24. 24. Less-Than-Truck Load (LTL) <ul><li>Origin & Destination </li></ul><ul><li>Weight (up to ~20,000 lbs) </li></ul><ul><li>Class </li></ul><ul><li>Discount based on volume of business </li></ul><ul><li>Special Requirements </li></ul><ul><li>Old Dominion </li></ul><ul><li>http://www.odfl.com/ rateestimate </li></ul>Why not just distance? Why is this important? <ul><li>/ </li></ul>Typically quoted as $/CWT
    25. 25. NMFC Classes <ul><li>Density </li></ul><ul><ul><li>Helps carrier judge demands for capacity </li></ul></ul><ul><li>Value </li></ul><ul><ul><li>Helps carrier judge risk (liability limits associated with each class) </li></ul></ul><ul><li>Class 50: cheapest, e.g., sand </li></ul><ul><li>Class 500: most expensive, e.g., Ping Pong Balls </li></ul><ul><li>Maintained by the NMFTA (NMFTA.org) </li></ul>
    26. 26. Truck Load (TL) <ul><li>Up to ~45,000 lbs </li></ul><ul><li>Origin </li></ul><ul><li>Destination </li></ul><ul><li>Volume of business </li></ul><ul><li>Special Services (accessorials) </li></ul><ul><ul><li>Detention, cleaning, … </li></ul></ul><ul><li>Schneider National </li></ul><ul><li>https://webapps.schneiderlogistics.com/pwschneiderrate/schneider_rate_ext_customer </li></ul>Typically quoted as $/mile
    27. 27. Rail <ul><li>Commodity (Grain, Coal, …) </li></ul><ul><li>Origin, Destination </li></ul><ul><li>Equipment (Box car, tanker, Tri-level) </li></ul><ul><li>Number of cars in block </li></ul><ul><li>Cars handle on the order of 70 tons </li></ul><ul><li>… </li></ul><ul><li>Norfolk Southern </li></ul><ul><li>http://www.norfolksouthern.com/nscorp/application?origin=content_home.jsp&event=bea.portal.framework.internal.refresh&pageid=Doing+Business&contentId=english/nscorp/doing_business/none1/home/agriculture.html </li></ul>
    28. 28. Undiscounted LTL Rates ATL to LB Class 50 $1.12/CWT $0.53/CWT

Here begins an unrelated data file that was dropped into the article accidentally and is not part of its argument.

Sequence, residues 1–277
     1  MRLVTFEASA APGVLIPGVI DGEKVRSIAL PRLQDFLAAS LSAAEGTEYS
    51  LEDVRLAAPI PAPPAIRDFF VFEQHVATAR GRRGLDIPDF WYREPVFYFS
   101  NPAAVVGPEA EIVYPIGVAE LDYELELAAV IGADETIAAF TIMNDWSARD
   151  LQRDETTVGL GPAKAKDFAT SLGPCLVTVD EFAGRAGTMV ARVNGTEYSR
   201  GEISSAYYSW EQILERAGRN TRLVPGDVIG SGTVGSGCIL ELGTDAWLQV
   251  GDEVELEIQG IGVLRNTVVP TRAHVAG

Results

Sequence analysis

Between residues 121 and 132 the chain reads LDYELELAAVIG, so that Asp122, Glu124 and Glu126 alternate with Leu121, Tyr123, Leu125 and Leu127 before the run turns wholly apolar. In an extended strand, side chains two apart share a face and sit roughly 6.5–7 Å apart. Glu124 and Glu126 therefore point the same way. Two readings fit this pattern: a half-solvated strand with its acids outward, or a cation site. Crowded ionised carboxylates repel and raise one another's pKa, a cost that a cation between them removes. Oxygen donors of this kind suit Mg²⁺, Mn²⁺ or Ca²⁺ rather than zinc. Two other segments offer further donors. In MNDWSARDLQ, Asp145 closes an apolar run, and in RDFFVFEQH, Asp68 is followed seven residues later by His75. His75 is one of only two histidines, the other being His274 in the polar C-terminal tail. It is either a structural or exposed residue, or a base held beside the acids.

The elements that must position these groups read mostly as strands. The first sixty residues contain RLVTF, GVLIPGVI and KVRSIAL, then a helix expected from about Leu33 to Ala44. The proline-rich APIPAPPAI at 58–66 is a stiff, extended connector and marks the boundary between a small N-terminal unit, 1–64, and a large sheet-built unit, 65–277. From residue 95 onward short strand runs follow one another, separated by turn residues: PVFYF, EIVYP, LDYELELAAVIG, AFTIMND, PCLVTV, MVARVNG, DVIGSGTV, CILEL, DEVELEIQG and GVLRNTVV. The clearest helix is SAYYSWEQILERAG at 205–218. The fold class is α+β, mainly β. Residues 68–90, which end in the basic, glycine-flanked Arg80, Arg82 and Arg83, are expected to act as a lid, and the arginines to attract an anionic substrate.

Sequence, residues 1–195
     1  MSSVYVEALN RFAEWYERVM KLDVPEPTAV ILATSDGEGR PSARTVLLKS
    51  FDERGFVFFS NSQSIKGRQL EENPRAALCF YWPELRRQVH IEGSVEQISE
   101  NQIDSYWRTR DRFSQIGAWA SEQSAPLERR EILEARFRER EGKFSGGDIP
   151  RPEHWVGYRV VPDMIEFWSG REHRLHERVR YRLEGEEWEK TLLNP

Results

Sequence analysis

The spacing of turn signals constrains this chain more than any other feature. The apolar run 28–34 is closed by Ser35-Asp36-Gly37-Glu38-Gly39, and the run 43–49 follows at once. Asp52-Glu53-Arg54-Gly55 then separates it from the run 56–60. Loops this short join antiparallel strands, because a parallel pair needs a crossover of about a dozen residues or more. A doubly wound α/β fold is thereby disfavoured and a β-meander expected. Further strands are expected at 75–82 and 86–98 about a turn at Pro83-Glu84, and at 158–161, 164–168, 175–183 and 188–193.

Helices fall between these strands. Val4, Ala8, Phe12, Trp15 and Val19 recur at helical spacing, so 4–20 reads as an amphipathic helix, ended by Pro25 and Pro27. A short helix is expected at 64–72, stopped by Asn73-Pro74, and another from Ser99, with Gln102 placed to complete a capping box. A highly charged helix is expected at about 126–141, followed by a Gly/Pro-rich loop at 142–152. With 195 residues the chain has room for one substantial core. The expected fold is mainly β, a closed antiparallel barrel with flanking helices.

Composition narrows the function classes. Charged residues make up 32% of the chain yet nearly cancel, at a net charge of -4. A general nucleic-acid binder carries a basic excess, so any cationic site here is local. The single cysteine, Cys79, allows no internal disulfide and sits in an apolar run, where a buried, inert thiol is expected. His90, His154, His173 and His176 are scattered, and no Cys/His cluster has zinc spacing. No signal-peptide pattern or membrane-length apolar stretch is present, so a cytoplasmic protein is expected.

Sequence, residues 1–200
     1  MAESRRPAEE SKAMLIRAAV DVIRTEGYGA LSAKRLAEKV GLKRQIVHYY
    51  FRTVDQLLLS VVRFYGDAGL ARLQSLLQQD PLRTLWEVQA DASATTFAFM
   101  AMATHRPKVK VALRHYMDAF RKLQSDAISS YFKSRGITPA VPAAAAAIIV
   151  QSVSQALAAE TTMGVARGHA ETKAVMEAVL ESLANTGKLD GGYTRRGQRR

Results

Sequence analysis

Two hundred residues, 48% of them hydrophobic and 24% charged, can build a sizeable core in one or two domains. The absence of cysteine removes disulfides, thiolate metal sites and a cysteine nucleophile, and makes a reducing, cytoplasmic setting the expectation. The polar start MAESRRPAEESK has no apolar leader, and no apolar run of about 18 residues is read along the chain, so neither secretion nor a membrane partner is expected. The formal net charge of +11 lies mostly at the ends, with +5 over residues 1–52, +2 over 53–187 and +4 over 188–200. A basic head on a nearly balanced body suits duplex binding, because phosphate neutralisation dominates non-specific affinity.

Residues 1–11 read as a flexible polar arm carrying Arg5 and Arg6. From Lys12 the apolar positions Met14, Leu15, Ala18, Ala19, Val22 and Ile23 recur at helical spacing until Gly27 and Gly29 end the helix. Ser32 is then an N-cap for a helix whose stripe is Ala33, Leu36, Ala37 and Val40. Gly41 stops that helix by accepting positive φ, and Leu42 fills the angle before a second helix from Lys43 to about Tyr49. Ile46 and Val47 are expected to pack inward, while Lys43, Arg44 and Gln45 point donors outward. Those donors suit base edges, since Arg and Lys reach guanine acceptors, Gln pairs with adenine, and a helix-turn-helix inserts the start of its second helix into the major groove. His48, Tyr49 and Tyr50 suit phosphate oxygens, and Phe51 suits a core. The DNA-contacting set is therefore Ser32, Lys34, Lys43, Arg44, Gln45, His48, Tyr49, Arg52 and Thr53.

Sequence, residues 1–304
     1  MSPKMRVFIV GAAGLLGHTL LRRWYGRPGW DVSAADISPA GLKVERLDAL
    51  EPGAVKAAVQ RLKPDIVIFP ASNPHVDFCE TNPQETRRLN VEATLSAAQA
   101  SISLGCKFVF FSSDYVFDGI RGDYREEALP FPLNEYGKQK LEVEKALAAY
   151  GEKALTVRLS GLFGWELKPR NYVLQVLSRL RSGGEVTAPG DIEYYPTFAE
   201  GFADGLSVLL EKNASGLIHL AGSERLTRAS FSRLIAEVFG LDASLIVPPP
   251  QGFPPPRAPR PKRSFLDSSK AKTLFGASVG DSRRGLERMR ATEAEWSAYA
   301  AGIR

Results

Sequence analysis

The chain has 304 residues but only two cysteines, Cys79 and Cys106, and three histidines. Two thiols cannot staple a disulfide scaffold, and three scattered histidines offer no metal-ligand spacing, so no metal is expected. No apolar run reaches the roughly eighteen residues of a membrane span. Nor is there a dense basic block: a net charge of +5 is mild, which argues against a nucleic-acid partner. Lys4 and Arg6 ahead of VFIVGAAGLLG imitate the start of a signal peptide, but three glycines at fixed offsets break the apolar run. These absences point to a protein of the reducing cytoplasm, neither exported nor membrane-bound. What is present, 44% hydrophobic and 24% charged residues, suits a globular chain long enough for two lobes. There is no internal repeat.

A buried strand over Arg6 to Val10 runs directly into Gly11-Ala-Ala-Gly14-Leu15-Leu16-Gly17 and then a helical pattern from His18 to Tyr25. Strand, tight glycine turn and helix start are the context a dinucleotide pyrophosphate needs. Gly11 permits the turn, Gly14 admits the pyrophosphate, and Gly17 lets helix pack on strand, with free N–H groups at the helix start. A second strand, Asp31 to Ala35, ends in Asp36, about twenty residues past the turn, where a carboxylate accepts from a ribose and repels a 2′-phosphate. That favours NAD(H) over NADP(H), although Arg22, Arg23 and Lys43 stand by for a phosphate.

29. 29. Concave Cost Shipment Size Cost Cost per unit decreasing So?!
    30. 30. Consolidation <ul><li>Incentive to consolidate shipments </li></ul><ul><ul><li>Make fewer larger shipments </li></ul></ul><ul><ul><li>Reduce frequency (!?) </li></ul></ul><ul><ul><li>Hub & Spoke </li></ul></ul><ul><ul><li>Share transportation resources </li></ul></ul><ul><ul><li>… </li></ul></ul>
    31. 31. Issues with Freight Rates <ul><li>Issue of how to estimate rates on lanes you don’t currently use </li></ul><ul><li>Levels of detail </li></ul><ul><ul><li>$/mile as the crow flies </li></ul></ul><ul><ul><li>$/mile on the network </li></ul></ul><ul><ul><li>Rate look up </li></ul></ul><ul><li>Caution: Average cost of shipments can be smaller than the cost of an average shipment </li></ul>
    32. 32. Estimating Rates Small shipments Shipment Size Cost Large shipments Average shipment Cost of Average shipment Average Cost of shipment
    33. 33. Why It Matters? <ul><li>Estimating transportation costs to “customers” </li></ul><ul><ul><li>Typically too many customers </li></ul></ul><ul><ul><li>Aggregate them </li></ul></ul><ul><ul><ul><li>By region </li></ul></ul></ul><ul><ul><ul><li>By state </li></ul></ul></ul><ul><ul><ul><li>By 3-digit zip </li></ul></ul></ul><ul><ul><li>Use some care in estimating the transportation cost to “aggregated” customers </li></ul></ul>
    34. 34. Why It Matters? <ul><li>Customers may order different quantities at different times </li></ul><ul><li>Estimating the cost to serve the customer often look at average shipments </li></ul><ul><li>Careful how you average </li></ul>
    35. 35. Summary <ul><li>Get started on your projects </li></ul><ul><li>Transportation mode basics </li></ul><ul><li>Transportation rate basics </li></ul><ul><li>Economies of scale promote consolidation </li></ul><ul><li>Cautions on “aggregating” transportation rates </li></ul>
    36. 36. Next Time <ul><li>Models for Transportation </li></ul><ul><ul><li>Transportation Models </li></ul></ul><ul><ul><li>Transshipment Models </li></ul></ul><ul><ul><li>Weight, Cube, Linear Cube </li></ul></ul><ul><ul><li>Economies of scale </li></ul></ul><ul><ul><li>Etc. </li></ul></ul>